Bird's-eye view

Wang Wei’s Wangchuan Villa: Mental Landscape through Painting and Poetry

Author: Audrey Chan '21

 

Wang Wei (699-761 AD) is one of the most famous Tang Dynasty scholars in Chinese history. He is best known for his poetry, many of which feature scenes of serenity and recluse amidst nature, and for his landscape—“Shanshui” (山水)—paintings. Often regarded the founder of the Southern School of Chinese landscape painting, Wang Wei was highly revered during his time as an icon of the Chinese literati class, and continues to be an icon of Chinese art today.

Perhaps his most well-known and famous series of works are those regarding the Wangchuan Villa. Wang Wei first acquired the Wangchuan estate, which had formerly belonged to the poet Song Zhiwen, around year 740 AD. The estate, situated amidst the “picturesque hills outside of the Tang capital, Chang’an,”[1] became the site of his sprawling, rambling garden that included “a large villa, studios, pavilions, walled enclosures” and a variety of other architectural structures.[2] Wangchuan Villa, with its beauty, grandeur and “spectacularly varied scenery…served as a model for all aspects of gardens—in garden design as well as in painting and poetry.”[3] Wangchuan Villa quickly became a symbol for the simple yet sophisticated life of the Chinese scholar, one who retreated into nature in search of peace and refuge.

Wang Wei did indeed feature Wangchuan Villa in as the subject of his painting and poetry. It is believed that Wang Wei painted a mural of the estate on the side of one of the estate’s buildings that was converted into a Buddhist temple after his mother, who had resided there, passed away. Nestled in the painting are twenty individual ‘episodes’ that illustrate prominent scenes on the estate. Along with the mural is the Wang River Collection, a series of twenty quatrains that correspond to each garden scene depicted in the painting and celebrate the beauty of the landscape. The intimate relationship between Wang Wei’s paintings and poems create an intricate mental landscape: Wang Wei’s simple yet powerful diction figuratively paints scenes of scholarly recluse, and embedded in his paintings are the words of his simple yet elegant poems.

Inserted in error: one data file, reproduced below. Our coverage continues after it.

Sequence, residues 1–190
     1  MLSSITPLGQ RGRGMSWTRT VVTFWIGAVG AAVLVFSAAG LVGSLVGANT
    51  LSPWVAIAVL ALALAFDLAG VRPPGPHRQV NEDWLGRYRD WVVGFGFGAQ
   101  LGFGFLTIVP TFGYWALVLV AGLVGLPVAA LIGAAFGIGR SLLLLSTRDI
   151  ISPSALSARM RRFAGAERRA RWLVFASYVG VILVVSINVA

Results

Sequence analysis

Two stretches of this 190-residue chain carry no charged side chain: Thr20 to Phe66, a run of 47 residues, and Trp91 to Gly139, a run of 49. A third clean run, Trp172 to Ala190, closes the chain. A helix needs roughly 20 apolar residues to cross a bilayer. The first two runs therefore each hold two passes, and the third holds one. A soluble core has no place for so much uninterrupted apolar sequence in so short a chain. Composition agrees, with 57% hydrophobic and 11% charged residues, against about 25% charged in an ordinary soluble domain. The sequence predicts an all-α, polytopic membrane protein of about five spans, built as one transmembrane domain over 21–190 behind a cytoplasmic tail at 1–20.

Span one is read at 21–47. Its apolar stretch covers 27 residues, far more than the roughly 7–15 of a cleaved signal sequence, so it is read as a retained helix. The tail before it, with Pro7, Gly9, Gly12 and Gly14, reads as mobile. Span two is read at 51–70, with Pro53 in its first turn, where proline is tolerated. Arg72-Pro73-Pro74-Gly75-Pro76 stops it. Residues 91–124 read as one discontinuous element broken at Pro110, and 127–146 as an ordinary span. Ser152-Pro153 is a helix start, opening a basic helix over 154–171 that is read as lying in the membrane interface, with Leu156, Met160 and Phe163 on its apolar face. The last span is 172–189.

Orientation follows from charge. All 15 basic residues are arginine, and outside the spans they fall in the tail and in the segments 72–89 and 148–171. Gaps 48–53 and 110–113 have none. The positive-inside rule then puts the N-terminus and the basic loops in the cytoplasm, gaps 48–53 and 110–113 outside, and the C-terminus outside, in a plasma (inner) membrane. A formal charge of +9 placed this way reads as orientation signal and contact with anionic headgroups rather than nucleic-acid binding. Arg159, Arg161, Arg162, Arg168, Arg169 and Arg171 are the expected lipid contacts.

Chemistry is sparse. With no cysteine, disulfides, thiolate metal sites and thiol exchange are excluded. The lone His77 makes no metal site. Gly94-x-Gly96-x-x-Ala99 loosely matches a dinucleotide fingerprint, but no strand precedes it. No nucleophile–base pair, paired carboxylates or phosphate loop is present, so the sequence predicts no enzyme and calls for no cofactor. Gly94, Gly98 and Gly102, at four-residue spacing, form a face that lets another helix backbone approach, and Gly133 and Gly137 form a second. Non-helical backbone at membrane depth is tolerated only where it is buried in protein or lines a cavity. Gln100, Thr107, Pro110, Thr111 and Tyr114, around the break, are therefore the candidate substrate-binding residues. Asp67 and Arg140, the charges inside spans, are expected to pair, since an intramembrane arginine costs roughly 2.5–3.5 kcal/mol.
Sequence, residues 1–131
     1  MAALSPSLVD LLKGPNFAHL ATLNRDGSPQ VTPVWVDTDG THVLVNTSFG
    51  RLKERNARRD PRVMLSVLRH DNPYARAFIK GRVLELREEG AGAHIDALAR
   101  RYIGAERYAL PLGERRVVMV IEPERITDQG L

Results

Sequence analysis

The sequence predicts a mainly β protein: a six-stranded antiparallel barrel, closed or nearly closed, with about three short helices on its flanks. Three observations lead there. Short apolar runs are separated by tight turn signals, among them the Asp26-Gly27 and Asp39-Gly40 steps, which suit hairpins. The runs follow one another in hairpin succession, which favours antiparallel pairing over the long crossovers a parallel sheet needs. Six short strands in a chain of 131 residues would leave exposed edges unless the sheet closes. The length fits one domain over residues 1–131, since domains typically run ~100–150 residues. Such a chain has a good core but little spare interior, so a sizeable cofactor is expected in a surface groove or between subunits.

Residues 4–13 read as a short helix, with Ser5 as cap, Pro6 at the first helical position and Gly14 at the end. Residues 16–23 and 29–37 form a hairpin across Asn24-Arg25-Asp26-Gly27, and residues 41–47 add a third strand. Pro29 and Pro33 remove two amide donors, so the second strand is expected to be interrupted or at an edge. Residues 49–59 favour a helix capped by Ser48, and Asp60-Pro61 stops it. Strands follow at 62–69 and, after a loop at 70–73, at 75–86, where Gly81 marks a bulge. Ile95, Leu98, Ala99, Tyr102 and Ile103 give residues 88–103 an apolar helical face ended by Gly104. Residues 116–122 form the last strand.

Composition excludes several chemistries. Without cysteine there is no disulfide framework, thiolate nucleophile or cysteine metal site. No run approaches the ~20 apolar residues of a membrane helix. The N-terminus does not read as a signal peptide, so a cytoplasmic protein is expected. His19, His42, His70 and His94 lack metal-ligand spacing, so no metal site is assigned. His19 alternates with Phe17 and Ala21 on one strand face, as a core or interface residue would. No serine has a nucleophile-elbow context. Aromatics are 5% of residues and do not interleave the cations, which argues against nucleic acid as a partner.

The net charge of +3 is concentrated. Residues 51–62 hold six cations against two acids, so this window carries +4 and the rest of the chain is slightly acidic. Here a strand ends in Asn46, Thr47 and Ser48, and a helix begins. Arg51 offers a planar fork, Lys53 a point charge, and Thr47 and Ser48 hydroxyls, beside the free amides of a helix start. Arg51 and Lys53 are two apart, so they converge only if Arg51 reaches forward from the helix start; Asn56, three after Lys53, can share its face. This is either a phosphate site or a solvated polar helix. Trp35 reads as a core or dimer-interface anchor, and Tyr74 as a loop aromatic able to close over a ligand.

Although Wang Wei’s original work no longer exists, various painters in the 17th century have recreated the scenes of Wangchuan Villa. Today, many versions of the Wangchuan Villa scroll exist, but they all retain the original essence, character, and style of Wang Wei’s original work. Perhaps the shocking similarities amongst these recreations are due to the fact that most drew inspiration from a “well-known composition preserved in a stone engraving cut in 1617” that was “based on a copy of Wangchuan Villa attributed to the tenth-century artist Guo Zhongshu.”[4] This composition “depicted a continuous sequence of hills, rivers, lakes, and architectural sites, each identified by cartouches.”[5] A closer look at several prominent painted episodes of one recreation together with the corresponding quatrains reveals how Wang Wei crafted a mental landscape through the confluence of painting and poetry.

 

[1] Alfreda Murck and Wen Fong, “A Chinese Garden Court: The Astor Court at the Metropolitan Museum of Art,” The Metropolitan Museum of Art Bulletin 38, no. 3 (Winter 1980-1981): 6.

[2] Robert E. Harrist, “Evoking the Past: Memories of Wang Wei and Lu Hong,” Painting and private life in eleventh-century China (1998): 71.

[3] Murck and Fong, “A Chinese Garden Court,” 6.

[4] Harrist, “Evoking the Past,” 77.

[5] Harrist, “Evoking the Past,” 72-73.

The Wangchuan Villa 

Ming dynasty, 16th century, detail from handscroll. Freer Gallery of Art

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The Wangchuan Villa 

detail from handscroll. National Palace Museum, Taipei

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Song Xu, Landscape in the style of Yan Wengui

Ming dynasty, 1553, hanging scroll. Freer Gallery of Art

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Xiang Shengmo, Crane Release Islet

Ming dynasty, 1653

Scenes from The Story of the Western Chamber

Qing dynasty, 1747, Woodblock print mounted as a hanging scroll; ink and color on paper, with hand-applied color

Harvard Art Museums

Scenes from The Story of the Western Chamber

Qing dynasty, 1747, Woodblock print mounted as a hanging scroll; ink and color on paper, with hand-applied color

Harvard Art Museums

Scenes from The Story of the Western Chamber

Qing dynasty, 1747, Woodblock print mounted as a hanging scroll; ink and color on paper, with hand-applied color

Harvard Art Museums

Xixiangji Harvard.jpg

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